When one has a family member or close friend who has done great things, more often than not, one may not discover the full extent of that person’s activities until they have passed away; so it was with Walter James Steggles. He was my wife’s uncle; a lifelong bachelor who had lived with his parents and then latterly with his sister, Muriel, as they moved from place to place as pairs of households. I first met Wally in the late 70s when, with his mother and sister, he came to visit my then prospective parents-in-law before I married his niece.
I knew that Wally was a painter and that he was still ‘working’. What was not immediately apparent though was the level at which both he and his brother Harold had been ‘active’. On the occasions that we chatted to Wally the conversation would eventually turn to the subject of the East London Group and more particularly to a few specific members. He was extremely close to Elwin Hawthorne, whom he would see at least once, if not twice, a week when they were young; sadly Elwin tragically died in 1954 when he was only 49. Wally had maintained close contact with Elwin’s widow and her son, plus Phyllis Bray and Cecil Osborne and he corresponded with all of them up until their respective deaths. As a result, conversations tended to revolve around the various Group members that he was still in touch with, rather than talk of their days exhibiting at the Whitechapel and Lefevre. Wally was one of the last surviving members of the East London Group when he died in 1997, which was shortly after he and Muriel had combined households having moved, from Bradford on Avon to Calne in late 1996.
Muriel survived Wally by 11 years and she died in 2008; latterly she spent extended stays in hospital or a local nursing home, as a result of which the house lay unoccupied and the contents abandoned to an as yet unknown fate. After Muriel’s death, her solicitor gave us the key to her house and completely out of the blue, my wife and I found ourselves launched into the world of art!
On arrival we were met by a most extraordinary sight of pictures and frames stuffed into almost every cupboard, with the exception of the kitchen. Our first impression was one of shock due to the enormity of the task, but over the following weeks this was soon overtaken by an overwhelming sense of responsibility as we unearthed the catalogues and archive material.
With potentially interesting items interspersed amongst the day-to-day dross of modern life, it became imperative to sort through every piece of paper or magazine to ensure that we had not inadvertently overlooked some gem of information. We soon found that we were amassing very interesting reading material. The group show catalogues from Alex, Reid & Lefevre were obviously of direct interest to the Group’s activities, but mixed shows that were detailed in some of the other catalogues opened our eyes to an entirely different world, artistically speaking. Co-exhibitors read like a ‘Who’s Who’ of early twentieth-century British art; Duncan Grant, Vanessa Bell, Mark Gertler, Ivon Hitchins, Stanley Spencer, John and Paul Nash, Christopher Nevinson, Christopher Wood, Eric Gill, Philip Wilson Steer, Sine Mackinnon, William Patrick Roberts, the list was endless. In ‘British & French Artists Exhibition’ at Lefevre in 1935 a small show of 64 pictures included names such as Paul Cézanne, Edgar Degas, Edouard Vuillard, Paul Gauguin, Maurice Utrillo, Alfred Sisley, Claude Monet, Auguste Renoir and Pablo Picasso and, interspersed between them, names such as Elwin Hawthorne, Grace Oscroft, John Cooper, Henry Silk and Harold and Walter Steggles from the East London Group! In tandem with the catalogues were the newspaper cuttings from the group shows. These were written by many of the leading art critics of their day and they invariably described the impact that the Group’s work was having, the support they were getting from leading art enthusiasts and the commercial success of their shows; in 1930 they sold 62 of the 98 pictures on display.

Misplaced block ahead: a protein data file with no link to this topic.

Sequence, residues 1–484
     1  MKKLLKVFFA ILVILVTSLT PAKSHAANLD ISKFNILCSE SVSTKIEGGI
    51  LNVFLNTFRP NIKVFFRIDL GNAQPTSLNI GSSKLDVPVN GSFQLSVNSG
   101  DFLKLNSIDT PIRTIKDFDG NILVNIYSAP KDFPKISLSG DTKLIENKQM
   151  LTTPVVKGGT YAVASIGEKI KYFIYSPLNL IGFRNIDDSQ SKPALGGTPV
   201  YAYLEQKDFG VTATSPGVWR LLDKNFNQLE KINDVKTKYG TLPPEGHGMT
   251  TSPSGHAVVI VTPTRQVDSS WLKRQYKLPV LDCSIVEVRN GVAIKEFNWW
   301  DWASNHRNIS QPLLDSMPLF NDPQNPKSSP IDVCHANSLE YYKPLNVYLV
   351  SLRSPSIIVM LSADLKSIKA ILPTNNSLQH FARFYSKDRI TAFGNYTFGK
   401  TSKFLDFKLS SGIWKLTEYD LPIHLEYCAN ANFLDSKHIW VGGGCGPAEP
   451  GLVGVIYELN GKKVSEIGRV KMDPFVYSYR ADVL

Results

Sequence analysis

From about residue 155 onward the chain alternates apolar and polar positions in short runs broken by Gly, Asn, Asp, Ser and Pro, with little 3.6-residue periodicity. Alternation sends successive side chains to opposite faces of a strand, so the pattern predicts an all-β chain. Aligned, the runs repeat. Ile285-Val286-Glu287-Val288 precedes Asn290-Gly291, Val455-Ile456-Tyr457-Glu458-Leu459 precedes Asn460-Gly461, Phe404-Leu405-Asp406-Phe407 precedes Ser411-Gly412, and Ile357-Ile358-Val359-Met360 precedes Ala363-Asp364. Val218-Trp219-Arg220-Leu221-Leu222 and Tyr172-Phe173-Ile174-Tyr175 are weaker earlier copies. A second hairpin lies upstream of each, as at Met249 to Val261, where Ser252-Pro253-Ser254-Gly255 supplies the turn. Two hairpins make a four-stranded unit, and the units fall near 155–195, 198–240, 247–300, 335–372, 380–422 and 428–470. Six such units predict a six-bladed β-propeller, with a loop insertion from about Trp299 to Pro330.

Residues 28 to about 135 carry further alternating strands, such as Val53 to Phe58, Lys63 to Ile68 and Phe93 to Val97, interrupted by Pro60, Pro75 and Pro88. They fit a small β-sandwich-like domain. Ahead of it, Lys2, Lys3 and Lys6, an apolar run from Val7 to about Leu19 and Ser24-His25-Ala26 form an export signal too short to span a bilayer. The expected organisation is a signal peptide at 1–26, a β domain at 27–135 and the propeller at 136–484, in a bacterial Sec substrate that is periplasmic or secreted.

Against this background we found ourselves coming to the conclusion that this once important group of artists, who had been overlooked and subsequently forgotten by the post-war art world, deserved another chance to be brought back into the ‘daylight’ of the twenty-first century and to have their work reappraised and reputations re-evaluated. Until we found the catalogues, newspaper clippings and magazine articles about the Group, and more particularly Wally, we, as family members, had quite naturally considered their work as ‘normal’ and as such had not really given it our full and objective consideration. Wally painted very nearly until he died and by his own admission ‘couldn’t stop’ so his output was considerable. We were handed the responsibility of dealing with all his finished work, sketches and prep-drawings some of which, like his sketch for Boston had significance with regard to Art UK’s work. Others, like the poster for The Thames at Cookham for Shell, are possibly the only known examples of that commission, as the Shell archive has no copies.
The easy answer would have been to send everything to auction or sort them and place them with a dealer in the hope that they might sell over time, but then the sketches and prep-drawings might have been lost or destroyed and the story would have been lost forever. In 1997, at Wally’s funeral, we had met David Buckman and discovered that he was researching the Group. By good fortune, since 2009, we have been able to assist David with information and material for his book From Bow to Biennale, which tells the story of the Group and its members. Now it is for today’s art world and the future to decide whether, having flown so high in their day, the Group merit another chance.
Alan Waltham, relative of the artist